All About Dog Agility

What Is Dog Agility?

Dog agility is an intense, active sport for dogs and their human partners.

The dogs race full tilt around an obstacle course somewhat like those found in military basic training, leaping over, under, around, and through obstacles. Their human partners race full tilt around the same course, directing the dog from obstacle to obstacle in the correct order. The dogs never make mistakes. (We leave it as an exercise for the reader to explain how a dog ends up on the wrong obstacle from time to time.)

Once you’ve tried dog agility, plain old obedience seems dull.

[Rem with ribbons]

One really good weekend

Some of the obstacles are:

Jump  TunnelA-frame
Tire  Collapsed tunnel    Weave poles (like a slalom)    
Teeter totter    Table/platformDog walk (like a tall balance beam for dogs)

Where Did Agility Come From?

It’s fairly new to North America—the first North American agility competition took place in 1989. The Europeans started it several years earlier.

Why Do It?

10. Exercises your dog.
 9. Exercises your little couch-potatoed muscles.
 8. Stimulates your dog’s intellect.
 7. Improves your reflexes and reaction time.
 6. Gets you nifty ribbons if you practice enough.
 5. Builds a sense of teamwork between you and your dog.
 4. Improves your dog’s obedience skills.
 3. Gives you something to do with all that spare money and land you’ve got lying around.
 2. Impresses your friends and loved ones at all of your barbeques.
 1. It’s totally awesomely fun.

Who’s Crazy Enough to Do This?

Dogs. You name them, they’re there. Border Collies, Australian Shepherds, and Shelties are common. You’ll see Collies and Goldens and Huskies and on and on. The All-American, Pedigree-Challenged, Mixed-Breed, Heinz-Variety Mutt wins a lot. Leonbergers and Newfoundlands display energy you’d never think you’d see in dogs of that size. Papillons and pugs popularly participate.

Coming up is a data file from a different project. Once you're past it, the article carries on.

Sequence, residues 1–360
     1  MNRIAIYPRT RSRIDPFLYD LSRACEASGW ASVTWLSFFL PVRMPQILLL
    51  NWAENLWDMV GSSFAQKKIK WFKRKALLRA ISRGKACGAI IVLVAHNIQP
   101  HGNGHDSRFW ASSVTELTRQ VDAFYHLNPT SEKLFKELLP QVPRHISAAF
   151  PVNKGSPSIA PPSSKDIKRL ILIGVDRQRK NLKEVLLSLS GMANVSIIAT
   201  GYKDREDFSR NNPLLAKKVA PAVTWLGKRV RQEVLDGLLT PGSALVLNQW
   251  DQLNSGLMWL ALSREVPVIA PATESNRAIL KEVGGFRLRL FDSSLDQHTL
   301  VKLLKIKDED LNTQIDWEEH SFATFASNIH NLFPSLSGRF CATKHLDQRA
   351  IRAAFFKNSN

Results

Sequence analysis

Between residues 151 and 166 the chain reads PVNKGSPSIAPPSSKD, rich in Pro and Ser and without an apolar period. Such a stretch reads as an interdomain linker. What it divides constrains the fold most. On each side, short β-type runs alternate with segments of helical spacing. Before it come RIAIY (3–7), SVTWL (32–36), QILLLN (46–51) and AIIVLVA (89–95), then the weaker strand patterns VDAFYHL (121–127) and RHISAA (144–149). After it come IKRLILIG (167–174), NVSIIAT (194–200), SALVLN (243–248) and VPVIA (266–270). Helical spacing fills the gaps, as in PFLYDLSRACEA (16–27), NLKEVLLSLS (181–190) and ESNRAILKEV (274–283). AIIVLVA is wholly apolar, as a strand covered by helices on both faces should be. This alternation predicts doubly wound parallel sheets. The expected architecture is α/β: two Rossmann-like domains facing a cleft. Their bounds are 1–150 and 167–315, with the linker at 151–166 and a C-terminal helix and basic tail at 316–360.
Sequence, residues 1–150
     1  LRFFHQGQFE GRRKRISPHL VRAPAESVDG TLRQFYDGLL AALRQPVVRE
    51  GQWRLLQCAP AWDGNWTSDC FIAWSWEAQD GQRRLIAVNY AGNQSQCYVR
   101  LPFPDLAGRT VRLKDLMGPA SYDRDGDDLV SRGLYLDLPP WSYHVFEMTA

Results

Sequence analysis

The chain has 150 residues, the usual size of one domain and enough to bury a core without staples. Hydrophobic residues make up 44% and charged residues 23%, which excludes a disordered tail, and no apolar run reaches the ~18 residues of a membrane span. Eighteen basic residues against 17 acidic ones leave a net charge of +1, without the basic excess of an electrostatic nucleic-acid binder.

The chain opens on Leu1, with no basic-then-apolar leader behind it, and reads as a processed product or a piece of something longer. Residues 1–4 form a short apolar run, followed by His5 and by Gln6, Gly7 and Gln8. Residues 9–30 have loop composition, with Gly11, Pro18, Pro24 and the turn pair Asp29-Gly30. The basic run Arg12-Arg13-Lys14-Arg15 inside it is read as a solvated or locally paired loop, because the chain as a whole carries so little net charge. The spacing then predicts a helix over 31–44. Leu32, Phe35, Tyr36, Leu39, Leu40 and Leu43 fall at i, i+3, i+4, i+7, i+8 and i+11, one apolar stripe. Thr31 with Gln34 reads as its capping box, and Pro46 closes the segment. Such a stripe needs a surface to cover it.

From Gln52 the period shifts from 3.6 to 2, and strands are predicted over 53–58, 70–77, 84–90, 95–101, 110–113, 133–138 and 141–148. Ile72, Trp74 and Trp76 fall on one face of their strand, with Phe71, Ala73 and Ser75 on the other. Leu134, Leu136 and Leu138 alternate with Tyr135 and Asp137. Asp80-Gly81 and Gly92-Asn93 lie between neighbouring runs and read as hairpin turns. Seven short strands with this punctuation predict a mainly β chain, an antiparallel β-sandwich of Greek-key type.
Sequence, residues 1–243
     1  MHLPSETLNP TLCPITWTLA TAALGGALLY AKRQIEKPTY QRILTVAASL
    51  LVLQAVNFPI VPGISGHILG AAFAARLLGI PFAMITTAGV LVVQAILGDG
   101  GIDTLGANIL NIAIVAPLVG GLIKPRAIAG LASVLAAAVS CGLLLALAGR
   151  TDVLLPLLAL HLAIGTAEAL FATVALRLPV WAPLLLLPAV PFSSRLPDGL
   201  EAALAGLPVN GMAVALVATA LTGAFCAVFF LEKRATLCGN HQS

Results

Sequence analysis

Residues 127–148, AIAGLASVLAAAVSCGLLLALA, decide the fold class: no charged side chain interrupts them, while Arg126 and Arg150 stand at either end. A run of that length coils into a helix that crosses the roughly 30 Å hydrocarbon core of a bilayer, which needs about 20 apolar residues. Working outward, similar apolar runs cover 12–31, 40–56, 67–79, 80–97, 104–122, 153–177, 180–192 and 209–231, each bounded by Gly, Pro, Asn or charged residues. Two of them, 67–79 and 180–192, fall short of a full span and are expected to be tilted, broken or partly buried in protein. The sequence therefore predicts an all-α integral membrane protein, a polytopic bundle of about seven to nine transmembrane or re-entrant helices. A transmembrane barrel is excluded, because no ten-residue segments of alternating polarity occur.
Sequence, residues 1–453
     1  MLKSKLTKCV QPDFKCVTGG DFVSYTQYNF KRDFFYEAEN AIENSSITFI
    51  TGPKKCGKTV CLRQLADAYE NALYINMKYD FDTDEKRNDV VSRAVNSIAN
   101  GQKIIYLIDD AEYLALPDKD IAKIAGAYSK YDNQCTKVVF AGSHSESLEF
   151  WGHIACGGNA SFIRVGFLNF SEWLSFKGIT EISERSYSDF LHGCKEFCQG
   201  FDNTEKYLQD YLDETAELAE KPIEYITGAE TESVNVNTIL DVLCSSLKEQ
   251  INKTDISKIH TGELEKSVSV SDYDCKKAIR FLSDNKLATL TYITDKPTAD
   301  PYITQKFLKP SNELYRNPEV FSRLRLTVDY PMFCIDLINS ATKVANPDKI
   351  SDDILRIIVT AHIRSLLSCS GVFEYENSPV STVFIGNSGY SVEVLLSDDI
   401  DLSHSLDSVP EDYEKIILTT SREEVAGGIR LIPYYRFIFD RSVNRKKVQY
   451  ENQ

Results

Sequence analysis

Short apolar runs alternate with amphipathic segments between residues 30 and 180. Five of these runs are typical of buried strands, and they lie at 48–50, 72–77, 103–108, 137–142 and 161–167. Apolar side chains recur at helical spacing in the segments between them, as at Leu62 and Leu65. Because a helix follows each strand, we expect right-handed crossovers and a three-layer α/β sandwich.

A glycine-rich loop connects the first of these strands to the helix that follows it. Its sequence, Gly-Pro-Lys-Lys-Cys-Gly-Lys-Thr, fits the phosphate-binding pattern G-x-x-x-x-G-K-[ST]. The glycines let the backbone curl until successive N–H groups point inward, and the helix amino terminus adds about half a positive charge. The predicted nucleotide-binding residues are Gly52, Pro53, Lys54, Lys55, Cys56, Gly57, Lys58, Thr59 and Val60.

You have to like your dog, and your dog has to know some basic obedience. You have to like working with your dog as a team rather than treating him as another object around the house that needs dusting.

You should both be in reasonably good physical condition. If you’re not (through sheer neglect), this will help. Dogs can start agility at a fairly young age, but should never do anthing requiring full jumps, leaps, and twisting until their bones are fully formed—at least 1 year or older.

How Can I Find Out More About this Totally Awesome Fun Thing?

Visit the following Web sites for more information:
The Dogpatch
The world's largest agility Web site with tons of information and links to every other agility Web site in the known universe: http://www.dogpatch.org/agility

Clean Run
Includes Find An Agility Event in Your Area

The Bay Team
Agility club of which Ellen, Remington, and Jake are members and maintain their Web site (explaining all the typos there—dogs don't type too good): http://www.bayteam.org

Pagemeister elf@xs.com
Last updated November 11, 2002
GO HOME